Right. And his findings revealed a completely different story. Right. So his findings revealed that Don Henry had been stabbed in the back and Kevin, I, his face had been smashed by a blow from a rifle, but before their bodies were placed on the railroad tracks. Burton's autopsy also revealed that Malik had mutilated Kevin's a skull by sewing it. And Remember Malik is the original medical examiner he mutilated. Kevin saw by sewing it in so many different directions that it was impossible to tell where the original skull fractures, where maybe he's not someone competent after all. Yeah, he knows what he's doing. Malik had also completely dismantled Kevin's job. Burton stated that he had performed thousands of autopsies and he had never seen anything like it. Yeah. It's like, why is that necessary? Right. Just really mutilated his already mutilated body. He likes me to do the choir, but I mean, sadly, but also it's kind of like a better city cover up a physical evidence.
Speaker 1:
24:03
That's what it was. Right, right. But the parents were finally able to prove what they knew all along, which why is that the boys had in deep and Margaret. So their case was officially changed from an accidental suicide to a homicide. Um, do you have any time? So if the focus of the investigations turned towards allegations that their death had something to do with the drag of trafficking. And this is what Linda Ives is super passionate about. This is like her theory that she's standing behind and it, I mean it makes a lot of sense. Probable. Um, actually she believed that some additional people were thought to be connected to the desks or to have information. People who knew each other and supposedly it new things about the county's quote unquote drug underworld had to have been involved. The governor, Bill Clinton and his board declined to fire Malik despite more than four years of public criticism of mounts work.
Speaker 1:
25:02
The record shows that melt testified erroneously in criminal cases that his rulings were reversed by juries and that outside pathologist challenged his findings. The scarves in hot water but was protected by the Clinton administration and Arkansas for yours and yours and yours. To me it sounds like it was a political placement like for shad, some, some of the like the bare minimum requirements she was there are scratching people's about house of cards, free kill style and just rinse off with the, yeah. Oh Frank. Under what man? What I he free kill. Where did Hilton, I don't know. Nah, I dunno. Anyways, so like, no, it seems to me like this guy, either it was like on drugs all day and just didn't give a fuck or he just was completely incompetent and was put into a position of power that he was not, I think he was bribed all the way around.
Speaker 1:
26:03
Oh yeah. So years later people are finally starting to like kind of come up and can fast what they really saw and like the story is slowly coming together. There is a grand jury that's opened up and like all these eyewitnesses are starting to randomly fucking die. And it's really weird because they're all connected to the case. Right, right. And after Dan Harmon was tasked with assembling the grand jury, um, Harmon himself maybe have known more about the morning of the boys were found that he had let on and no to most of the community, Dan Harmon had been heavily involved in the local drug trade, particularly drug parcels that were dropped around the area. So, so there's, there's two people that are really important to this. It's Charlene Wilson and a guy named Keith McCaskill. So I actually start with strong lean. So a woman named Shirley Wilson claimed that she too had been on the railroad tracks that night.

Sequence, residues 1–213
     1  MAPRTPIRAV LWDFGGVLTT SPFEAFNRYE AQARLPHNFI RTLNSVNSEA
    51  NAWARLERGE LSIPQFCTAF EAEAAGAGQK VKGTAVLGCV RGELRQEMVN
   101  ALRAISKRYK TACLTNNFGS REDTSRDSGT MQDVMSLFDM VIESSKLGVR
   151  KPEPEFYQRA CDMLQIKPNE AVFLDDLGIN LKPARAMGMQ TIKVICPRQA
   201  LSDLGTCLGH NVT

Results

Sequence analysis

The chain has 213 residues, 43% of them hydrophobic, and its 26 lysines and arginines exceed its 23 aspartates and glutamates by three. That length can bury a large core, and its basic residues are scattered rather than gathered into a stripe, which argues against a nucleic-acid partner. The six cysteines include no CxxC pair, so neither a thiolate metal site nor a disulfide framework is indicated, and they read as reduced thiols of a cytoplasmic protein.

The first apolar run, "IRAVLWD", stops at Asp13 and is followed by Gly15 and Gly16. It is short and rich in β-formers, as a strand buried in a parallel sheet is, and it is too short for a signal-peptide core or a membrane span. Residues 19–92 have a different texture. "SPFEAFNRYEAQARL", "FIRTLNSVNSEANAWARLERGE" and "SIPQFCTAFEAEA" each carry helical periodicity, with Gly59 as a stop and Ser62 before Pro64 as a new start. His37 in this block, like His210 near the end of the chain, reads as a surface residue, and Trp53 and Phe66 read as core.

Speaker 1:
27:04
The same night that Kevin and dawn went spotlighting. She, Charlene Wilson, Dan Harmon and Keith McCaskill had all met each other there in anticipation for a scheduled drug drop. The group hadn't realized that Kevin Dawn and other boys from the area had heard stories about airplanes flying low near the area and wanted to check it out for themselves. Obviously are the planes that were dropping off drugs, whether it was simple curiosity or if the boys had planned to steal the drugs for themselves is up for debate. But according to Charlene Wilson, when the boys were spotted, something had to be done about them. So the story is slowly coming together. What really happened and Charlene came forward, um, and she's actually believed to be a very credible witness because she implicates herself. So she said that Harmon's motive was to find out the names of the local informants and others who may have had information on what it really occurred that night and take them down one by one.
Speaker 1:
28:04
And that's why he wanted it to be so involved into like the judicial process of this case. Right. So in spite of her confession, Dan Harmon was never considered to be a suspect shared. So she had like been dating Dan Harmon and the Ed Hammond was like the playboy of Mena. Sweet. Yeah. Hot. So, um, she was actually framed later for by Dan, like not framed, but he straight up set up by Dan. Yeah. And she got put into jail for a number of years for having drugs, for having draft first drag offense. She was Peninnah Gel for like 30 hours. Yeah. It's insane. So she was put away so she could talk. She wasn't killed, but everybody else was. So we can talk about that. So everybody else will. Yeah. So one by one, anyone who may have known anything about the deaths of the two boys died under mysterious circumstances. Among them, of course, had been Keith McCaskill who was with Charlene and Dan the night that they were spotted.